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Fie on Both Their Mouses!

Mac or PC? It's the argument that just won't go away. Now, I 'll confess. I am a "Mac Person"; have been since the first one rolled out in 1984. Over the years, I've bought seven Macs, and I'm in the process of getting my wife and my mother each one of her own. I've also used plenty of DOS and Windows machines, and bought and used several Amigas (remember those?). Once upon a time, you could find me poking my way through the demanding syntax and command lines of Unix-based systems.

You know what? None of these systems work as well as they should. Worse, as they've become more powerful and feature-full, they seem, subjectively at least, to have gotten all the more cantakerous, clunky and prone to misbehaviour.

Maybe it's because the number of things that can go wrong has risen in proportion to the size of the system software. Maybe it's the fact that we now sit in front of these things all day long. Whatever the cause, we're all familiar with machines, Macs and PCs, that crash without apparent cause. Device drivers inexplicably change their settings or interfere with each other. The network has a little hiccup and our computers freeze. Then, when we restart them, they give us angry little warnings telling us that we've been bad users for not properly shutting them down. Then there is the matter of application software. The manual for my new publishing application is about the size of the King James Bible. The newest version of Word has so many buttons, doo-hickeys and menus, that there's little space left for my text. I guess I've made the mistake of assuming that a word processor is supposed to help you write, not to run the equivalent of a print shop inside your computer.

Fortunately, some help is on the way, and not a moment to soon. Four years after Doonesbury had fun with the Newton PDA, its successors, the Palm Organizer, the Handspring Visor, various Windows CE devices, have become remarkably dexterous and useful tools for business and education. They all boot up in seconds, not minutes. Some boast truly intuitive interfaces and integrated applications. They don't cost the equivalent of a semester at college.

There is also the trend toward networked applications and "groupware". In this model, the complicated stuff, the stuff that requires all that user attention and causes so much aggravation, can reside on the server and when you need it, it's just there. It's up to the System Administrator to keep it sorted out and runnning, of course, and she's actually grateful not to have several hundred users mucking up the works on their indivdual, expensive, complicated, and RAM-besotted machines.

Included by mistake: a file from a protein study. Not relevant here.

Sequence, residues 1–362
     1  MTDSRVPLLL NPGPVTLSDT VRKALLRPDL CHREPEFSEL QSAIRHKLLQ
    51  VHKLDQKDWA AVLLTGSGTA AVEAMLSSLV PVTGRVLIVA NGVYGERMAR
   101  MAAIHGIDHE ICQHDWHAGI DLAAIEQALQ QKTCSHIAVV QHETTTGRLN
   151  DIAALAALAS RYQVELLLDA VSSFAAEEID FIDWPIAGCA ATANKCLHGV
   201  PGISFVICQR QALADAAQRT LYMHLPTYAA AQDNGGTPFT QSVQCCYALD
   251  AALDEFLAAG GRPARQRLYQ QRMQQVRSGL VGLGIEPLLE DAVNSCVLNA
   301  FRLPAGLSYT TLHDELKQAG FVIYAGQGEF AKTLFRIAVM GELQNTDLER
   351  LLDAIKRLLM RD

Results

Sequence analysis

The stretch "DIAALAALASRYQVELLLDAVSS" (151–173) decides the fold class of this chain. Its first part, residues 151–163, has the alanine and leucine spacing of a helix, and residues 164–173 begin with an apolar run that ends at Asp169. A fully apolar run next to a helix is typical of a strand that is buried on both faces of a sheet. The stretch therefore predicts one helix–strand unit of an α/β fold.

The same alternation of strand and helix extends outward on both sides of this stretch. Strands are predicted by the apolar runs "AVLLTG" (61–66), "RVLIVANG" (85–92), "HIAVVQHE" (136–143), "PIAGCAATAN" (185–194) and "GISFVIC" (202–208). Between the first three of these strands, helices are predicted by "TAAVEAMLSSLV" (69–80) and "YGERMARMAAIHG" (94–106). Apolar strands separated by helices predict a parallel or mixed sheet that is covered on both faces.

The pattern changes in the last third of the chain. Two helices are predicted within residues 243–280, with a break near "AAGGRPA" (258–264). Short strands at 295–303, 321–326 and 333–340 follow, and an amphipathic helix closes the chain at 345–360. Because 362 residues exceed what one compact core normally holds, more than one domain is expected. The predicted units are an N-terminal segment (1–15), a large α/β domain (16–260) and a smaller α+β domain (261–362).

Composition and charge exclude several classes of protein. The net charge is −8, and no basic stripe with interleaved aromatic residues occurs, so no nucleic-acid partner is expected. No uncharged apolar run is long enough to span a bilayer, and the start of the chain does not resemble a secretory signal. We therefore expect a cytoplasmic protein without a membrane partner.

This brings to mind the current evolution toward a net-centric, as opposed to OS-centric view of computing. New operating systems, and platform independent software such as Java, will provide truly robust internetworking abilities; this thanks to the recognition that computers are telecommunications devices, as well as computational engines. This evolution, now underway and quickening, promises to further resolve compatibility issues and enforce interoperability between systems. Look for this trend to advance rapidly in the next two years.

A little further down the line, perhaps as soon as five years, we may finally see a truly intuitive user interface. Using three-dimensional metaphors, animation, and sound in new ways, such "front-ends" are just now entering the mainstream via the Internet. When they arrive on your computer, much of the nonsense with losing icons under windows and navigating through imprenetrable Find File systems will finally go away.

There's much more that we can and should expect. Some of it will indeed come to pass. Some of it will prove infeasible, either technologically or in the market-place. The point, however, is that today's systems have much more in common than we tend to believe, and many of these areas of commonality entail deficiencies. What they do well, they similarly have in common.

Perhaps it's time to let this Mac versus PC argument go, and leave it to the engineers. We might then turn our focus toward how these remarkable and presently finicky machines should best serve as tools for work, recreation, discovery and education.

by Sean McGlannahan, ©1999

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